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Canada and the North American Free Trade Agreement (NAFTA)


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In January 1994, Canada, the United States and Mexico launched the North American Free Trade Agreement (NAFTA) and formed the world’s largest free trade area. The Agreement has brought economic growth and rising standards of living for people in all three countries. In addition, NAFTA has established a strong foundation for future growth and has set a valuable example of the benefits of trade liberalization.

A Foundation for Canada’s Future Prosperity

The North American Free Trade Agreement (NAFTA) has brought economic growth and rising standards of living for the people of all three member countries since 1994. As well, by strengthening the rules and procedures governing trade and investment throughout the continent, NAFTA has proved to be a solid foundation for building Canada’s future prosperity.

NAFTA has enabled both Canada and Mexico to increase their exports to the United States: Canadian manufacturers now send more than half their production to the U.S., while Mexico’s share of the U.S. import market has almost doubled from 6.9% in pre-NAFTA 1993 to 11.6% in 2002.

Manufacturers in all three countries are better able to realize their full potential by operating in a larger, more integrated and efficient North American economy. In 2002, Canada was the most important destination for merchandise exports from 39 of the 50 U.S. states.

Following a final tariff reduction between Canada and Mexico, which took effect on January 1, 2003, virtually all trade in the NAFTA region has flowed tariff-free.

Canada is a successful trading nation: our exports account for over 40% of total gross domestic product—a higher proportion than for any other G7 country. An estimated one in four jobs in Canada is linked to our success in global markets.

NAFTA has played a significant role in that achievement. Today, 86.6% of total merchandise exports go to our NAFTA partners. And close to 2.3 million jobs have been created in Canada since 1994, representing an increase of 17.5% over pre-NAFTA employment levels.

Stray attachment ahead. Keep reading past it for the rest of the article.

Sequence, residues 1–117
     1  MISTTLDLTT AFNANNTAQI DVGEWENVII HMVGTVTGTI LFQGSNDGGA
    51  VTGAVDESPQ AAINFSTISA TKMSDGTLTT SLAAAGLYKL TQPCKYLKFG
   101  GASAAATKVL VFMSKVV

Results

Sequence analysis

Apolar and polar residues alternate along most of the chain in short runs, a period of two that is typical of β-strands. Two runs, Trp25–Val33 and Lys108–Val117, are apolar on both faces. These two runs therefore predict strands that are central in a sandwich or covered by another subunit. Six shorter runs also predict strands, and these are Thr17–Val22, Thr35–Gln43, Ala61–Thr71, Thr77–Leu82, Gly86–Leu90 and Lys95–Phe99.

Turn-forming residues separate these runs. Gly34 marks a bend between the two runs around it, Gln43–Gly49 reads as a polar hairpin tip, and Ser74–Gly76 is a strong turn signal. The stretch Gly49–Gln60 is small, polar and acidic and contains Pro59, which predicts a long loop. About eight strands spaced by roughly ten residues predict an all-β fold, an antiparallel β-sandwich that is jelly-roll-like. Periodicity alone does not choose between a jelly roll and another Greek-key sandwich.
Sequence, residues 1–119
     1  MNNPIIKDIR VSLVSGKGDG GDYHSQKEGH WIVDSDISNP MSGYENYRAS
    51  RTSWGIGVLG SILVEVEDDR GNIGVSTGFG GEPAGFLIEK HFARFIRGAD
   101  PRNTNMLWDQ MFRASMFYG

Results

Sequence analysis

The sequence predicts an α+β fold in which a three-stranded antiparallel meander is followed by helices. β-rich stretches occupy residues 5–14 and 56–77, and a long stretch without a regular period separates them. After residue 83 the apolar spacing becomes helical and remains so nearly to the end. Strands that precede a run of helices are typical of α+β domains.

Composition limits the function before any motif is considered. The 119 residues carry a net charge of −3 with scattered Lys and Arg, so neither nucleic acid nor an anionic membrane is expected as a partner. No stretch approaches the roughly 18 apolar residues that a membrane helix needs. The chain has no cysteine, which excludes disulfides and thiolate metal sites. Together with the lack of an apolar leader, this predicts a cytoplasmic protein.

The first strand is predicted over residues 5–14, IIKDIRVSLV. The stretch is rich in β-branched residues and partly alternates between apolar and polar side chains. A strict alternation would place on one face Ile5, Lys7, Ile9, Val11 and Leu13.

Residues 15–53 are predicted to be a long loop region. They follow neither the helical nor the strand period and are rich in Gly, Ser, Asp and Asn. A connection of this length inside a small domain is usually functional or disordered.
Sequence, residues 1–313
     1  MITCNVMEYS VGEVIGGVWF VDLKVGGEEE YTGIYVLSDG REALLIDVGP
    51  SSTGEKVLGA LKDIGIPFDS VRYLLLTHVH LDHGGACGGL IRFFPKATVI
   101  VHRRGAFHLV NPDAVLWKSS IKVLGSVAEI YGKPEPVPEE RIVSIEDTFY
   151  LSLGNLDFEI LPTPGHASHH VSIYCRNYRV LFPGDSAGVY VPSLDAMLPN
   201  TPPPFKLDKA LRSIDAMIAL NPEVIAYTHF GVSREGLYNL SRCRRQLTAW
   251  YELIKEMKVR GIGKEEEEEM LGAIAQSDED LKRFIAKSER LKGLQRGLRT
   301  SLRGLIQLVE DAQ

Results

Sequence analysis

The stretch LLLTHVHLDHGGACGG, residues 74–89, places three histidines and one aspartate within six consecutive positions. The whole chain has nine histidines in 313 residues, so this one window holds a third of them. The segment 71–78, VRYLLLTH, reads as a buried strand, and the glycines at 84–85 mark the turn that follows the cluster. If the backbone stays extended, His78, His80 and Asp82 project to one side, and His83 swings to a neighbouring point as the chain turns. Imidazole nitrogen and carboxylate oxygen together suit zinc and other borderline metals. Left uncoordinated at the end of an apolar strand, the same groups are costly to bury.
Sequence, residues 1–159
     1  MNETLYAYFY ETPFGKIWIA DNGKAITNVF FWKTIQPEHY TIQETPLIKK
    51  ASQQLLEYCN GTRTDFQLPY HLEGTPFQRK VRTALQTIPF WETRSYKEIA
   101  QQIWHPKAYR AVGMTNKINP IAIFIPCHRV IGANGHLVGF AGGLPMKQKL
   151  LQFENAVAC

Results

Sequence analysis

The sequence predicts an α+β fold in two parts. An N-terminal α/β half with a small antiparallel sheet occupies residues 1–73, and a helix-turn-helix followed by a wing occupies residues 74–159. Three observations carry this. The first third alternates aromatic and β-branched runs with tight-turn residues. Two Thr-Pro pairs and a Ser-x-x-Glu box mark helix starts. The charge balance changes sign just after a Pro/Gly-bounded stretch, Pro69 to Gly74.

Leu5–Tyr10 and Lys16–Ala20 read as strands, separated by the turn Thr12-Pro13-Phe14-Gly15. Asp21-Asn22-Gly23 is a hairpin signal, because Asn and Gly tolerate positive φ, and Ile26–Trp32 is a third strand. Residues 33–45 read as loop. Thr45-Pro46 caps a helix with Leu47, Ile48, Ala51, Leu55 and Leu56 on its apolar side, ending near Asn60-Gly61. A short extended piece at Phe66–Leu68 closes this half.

NAFTA is clearly a key to Canada’s continued economic success. But the best is yet to come.

For Canadians, it is important that trade and investment liberalization proceed hand in hand with efforts to protect the environment and improve working conditions. Under NAFTA, our three countries have been able to introduce the highly successful approach of parallel environmental and labour cooperation agreements.

The Advantages

Canada is America’s Number One Trading Partner — By a Long Shot

  • Canada is America’s largest trading partner. The United States does more business with Canada than with all the countries of the European Union combined!
  • Access to 420 million consumers and a combined GDP of more than US$11.8 trillion
  • Two-way goods-and-services trade between Canada and the United States was valued at almost half a trillion U.S. dollars in 2003, or nearly US$1.2 billion a day

Can Canada Be Closer to the U.S. than… the U.S.?

  • Many Canadian production hubs are actually closer to target U.S. markets than American production sites.
  • Most large Canadian cities are within an hour-and-a-half drive of the United States and many are much closer. Several, such as Vancouver, Windsor, and Montreal, are only minutes away.
  • Production locations in Quebec and the industrial heartland of southwestern Ontario are often closer to the huge American markets around New York, Boston, and Chicago than popular American production hubs like Atlanta, GA., and Raleigh, N.C.

Smart Borders

  • Fast and efficient trucking, railways, ocean shipping and air services link the two countries. To accommodate the growth in trade and commerce , Canada and the United States have signed a pact to work together to create a Smart Border.
  • The Declaration outlined a 30-Point Action Plan, which provides for ongoing collaboration in identifying and addressing security risks, while efficiently expediting the legitimate flow of people and goods across the Canada-U.S. border.
  • FAST lanes for pre-approved low-risk commercial traffic opened at Windsor-Detroit, Sarnia-Port Huron, and Fort Erie-Buffalo.
  • Automated permit ports, transponder identification systems and joint processing centres are being tested and deployed.
  • Today, border wait times average less than 10 minutes, one of the most efficient systems in the world.

More information on NAFTA and the agreement.